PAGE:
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Ensuring Excellence in
Education, Resource Stewardship, and Visitor Experiences at

Pinnacles National Park


JOIN TODAY!


Become a sustaining member with a monthly donation to Pinnacles Partnership and help us to ensure Pinnacles National Park will continue to inspire wonder in the next generation of park visitors.

 

We need your support!

Photos Courtesy Gavin Emmons

Registration now open for Wednesday Night Hikes


Beginning October 18th and every Wednesday through November 22nd, you can join a Pinnacles Ranger for a guided night hike thorugh the park after dark.  


More Information on our events page

Proposed Fee Increase for Pinnacles National Park



Pinnacles National Park News Release


Release Date: August 26, 2017


Pinnacles National Park Proposes Entrance Fee Increase

PAICINES, CA – Pinnacles National Park proposes to increase entrance fees in 2018 in order to fund services and maintenance that will directly benefit park visitors. The proposed entrance fee increase for Pinnacles is derived from a standard pricing model developed for all parks.

 

Type of Pass

Current Fee

Proposed Fee

Single Vehicle (7 days)

$15

$25

Motorcycle (7 days)

$15

$20

Individual (7 days)

$10

$12

Pinnacles Annual Pass

$25

$50

 

Entrance fees are not charged to persons under 16 years of age or holders of the America the Beautiful-The National Parks and Federal Recreational Annual, Senior, Access, Military, or Volunteer Passes. These passes may be obtained at the park.


Additional revenue generated by this fee increase would be used to enhance visitor services by funding projects such as the rehabilitation of the Bear Valley School, the construction of vault toilets to replace portable facilities, and the building of a new entrance station on the east side of the park.


A 30-day public comment period will open on Tuesday, August 29th and close on Thursday, September 28th. Interested parties are encouraged to make comments electronically via the National Park Service's Planning, Environment and Public Comment (PEPC) website at http://parkplanning.nps.gov/pinn. Click on: 2018 Proposed Fee Increase.


To submit written comments by letter, you may send them by U.S. Postal Service or other mail delivery service, or hand-deliver your comments to Superintendent, Pinnacles National Park, Attn: Proposed Fee Increase, 5000 Highway 146, Paicines, CA 95043. Comments submitted by e-mail and anonymous comments will not be accepted.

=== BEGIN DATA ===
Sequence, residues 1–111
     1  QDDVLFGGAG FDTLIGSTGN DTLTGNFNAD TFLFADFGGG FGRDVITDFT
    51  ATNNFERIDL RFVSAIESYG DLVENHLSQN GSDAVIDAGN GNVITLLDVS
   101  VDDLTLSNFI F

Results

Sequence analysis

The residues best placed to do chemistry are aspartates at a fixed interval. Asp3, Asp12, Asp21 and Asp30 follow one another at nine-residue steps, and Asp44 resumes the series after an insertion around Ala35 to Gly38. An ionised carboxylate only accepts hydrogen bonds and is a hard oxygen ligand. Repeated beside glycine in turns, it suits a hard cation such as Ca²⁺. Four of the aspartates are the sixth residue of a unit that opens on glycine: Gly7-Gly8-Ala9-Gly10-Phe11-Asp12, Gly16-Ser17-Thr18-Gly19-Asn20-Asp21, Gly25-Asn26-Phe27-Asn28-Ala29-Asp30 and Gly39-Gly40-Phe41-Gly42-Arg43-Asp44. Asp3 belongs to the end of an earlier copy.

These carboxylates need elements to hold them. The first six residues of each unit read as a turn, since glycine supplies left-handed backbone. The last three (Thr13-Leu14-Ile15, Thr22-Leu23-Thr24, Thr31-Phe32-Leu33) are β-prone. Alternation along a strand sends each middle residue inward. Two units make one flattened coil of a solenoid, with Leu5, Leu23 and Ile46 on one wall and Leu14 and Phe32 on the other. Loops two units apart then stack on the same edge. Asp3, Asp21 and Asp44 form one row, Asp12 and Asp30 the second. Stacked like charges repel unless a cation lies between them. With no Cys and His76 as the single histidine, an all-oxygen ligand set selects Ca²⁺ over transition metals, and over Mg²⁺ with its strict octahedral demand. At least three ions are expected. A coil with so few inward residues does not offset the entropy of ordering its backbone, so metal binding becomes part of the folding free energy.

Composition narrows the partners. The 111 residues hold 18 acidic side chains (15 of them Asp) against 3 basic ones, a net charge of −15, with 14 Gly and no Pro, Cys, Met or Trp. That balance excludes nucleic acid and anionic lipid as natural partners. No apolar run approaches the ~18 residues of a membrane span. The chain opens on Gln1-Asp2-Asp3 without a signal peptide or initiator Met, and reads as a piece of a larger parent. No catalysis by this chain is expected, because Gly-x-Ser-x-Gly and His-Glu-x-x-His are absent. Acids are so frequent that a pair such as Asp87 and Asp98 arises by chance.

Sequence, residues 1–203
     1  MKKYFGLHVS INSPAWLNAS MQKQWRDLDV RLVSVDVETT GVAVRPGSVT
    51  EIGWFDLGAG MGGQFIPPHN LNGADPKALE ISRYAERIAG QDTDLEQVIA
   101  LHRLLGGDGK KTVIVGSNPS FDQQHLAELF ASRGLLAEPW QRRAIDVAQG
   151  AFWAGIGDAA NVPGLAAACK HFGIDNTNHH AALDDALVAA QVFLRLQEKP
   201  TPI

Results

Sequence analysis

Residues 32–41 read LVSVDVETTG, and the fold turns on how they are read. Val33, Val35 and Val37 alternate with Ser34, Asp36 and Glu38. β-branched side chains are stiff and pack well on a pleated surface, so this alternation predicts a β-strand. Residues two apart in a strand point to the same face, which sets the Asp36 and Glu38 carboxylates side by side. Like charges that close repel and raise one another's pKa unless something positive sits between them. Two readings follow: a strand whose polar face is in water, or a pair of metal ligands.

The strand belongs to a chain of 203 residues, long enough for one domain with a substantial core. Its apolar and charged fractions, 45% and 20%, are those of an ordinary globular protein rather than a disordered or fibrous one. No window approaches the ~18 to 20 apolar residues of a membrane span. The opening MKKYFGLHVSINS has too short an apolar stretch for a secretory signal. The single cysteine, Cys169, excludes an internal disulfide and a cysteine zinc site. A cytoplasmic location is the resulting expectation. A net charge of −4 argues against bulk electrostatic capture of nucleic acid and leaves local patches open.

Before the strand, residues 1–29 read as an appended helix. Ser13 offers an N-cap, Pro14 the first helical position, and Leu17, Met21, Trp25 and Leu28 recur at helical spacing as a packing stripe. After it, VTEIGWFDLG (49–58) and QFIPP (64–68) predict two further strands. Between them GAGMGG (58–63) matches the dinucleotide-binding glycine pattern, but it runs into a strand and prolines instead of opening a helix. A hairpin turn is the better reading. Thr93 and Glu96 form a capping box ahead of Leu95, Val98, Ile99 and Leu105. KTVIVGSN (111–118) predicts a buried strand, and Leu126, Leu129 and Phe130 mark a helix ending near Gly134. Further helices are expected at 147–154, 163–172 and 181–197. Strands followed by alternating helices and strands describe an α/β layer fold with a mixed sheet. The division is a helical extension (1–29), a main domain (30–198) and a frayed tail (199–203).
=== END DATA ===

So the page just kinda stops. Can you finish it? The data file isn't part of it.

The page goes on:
A Year in the Life of a Condor - September


Although you might not be able to tell based on the weather at Pinnacles National Park, summer is slowly starting to wind down. As the seasons change, so do the resident wildlife populations- including condor 878, the only condor chick hatched in Pinnacles National Park this year!


At four and a half months old, 878 is maturing fast. She’s now nearly full grown, but it will still be about two more months until her impressive adult feathers completely grow in. In the meantime, she is going through somewhat of an awkward stage as she loses her downy fluff and her head starts to turn the solid black of a juvenile condor. We may be biased, but we still think she’s beautiful!


In the video clip, taken a month ago, 878 shows off some of her moves as she hops around in spurts of youthful energy. Young condors, like many young animals, use play as a way to exercise and let off steam. Flapping her huge wings is great practice for the day she makes the leap and takes her first wobbly flight! 


Over the years, PIPA has been a strong supporter of the Pinnacles Condor Program. Volunteers regularly radio-track condors to help determine their locations. In the past year, PIPA support has helped make the park's first condor nest camera a reality. Placing a remote camera is technically challenging and PIPA directly served the program by obtaining a tablet that allows park staff to perfectly place the camera within the condor nest - allowing for great images!


 

Thank you to our generous donors, sponsors, and partners!  Please visit our Donor Recognition wall.

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GPS TAGS INCREASE THE REPRODUCTIVE SUCCESS OF FREE FLYING CONDORS

 In summer 2015, a condor who ranges with >70 other wild birds in the central California area (between Pinnacles National Park and the Big Sur Coast) decided to take a long, exploratory flight out of his typical range. 

Leaving the central CA home range behind, he traveled as far as Santa Barbara and Kern Counties to the south, and then east to the Sierras. His flight took him through the range of condors that use southern California, and all the way to the Mt Whitney area, in Sequoia & Kings Canyon National Parks. 

His flight reminds us that condors inhabited range throughout the western US and as the small wild population of under 300 total birds continues to grow, so will the area they use. Fortunately, Condor 564 wears a GPS unit on one of his wing tags. Without the GPS collecting this data we would never have known of his long range flight. 

GPS tags are incredibly useful in detecting unusual locations and behavior when traditional methods of observation or radio-tracking aren't possible. Although expensive, the value of learning about exploratory movements and watching condors travel across their historical range is more than worth it.

 


Your donation to the Pinnacles Condor Fund  can help the Pinnacles Condor Program meet their goal of outfitting half of the Pinnacles free flying flock of California condors
with GPS units.  


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GPS track of Condor 564, summer 2015. Map: Jennie Jones, NPS

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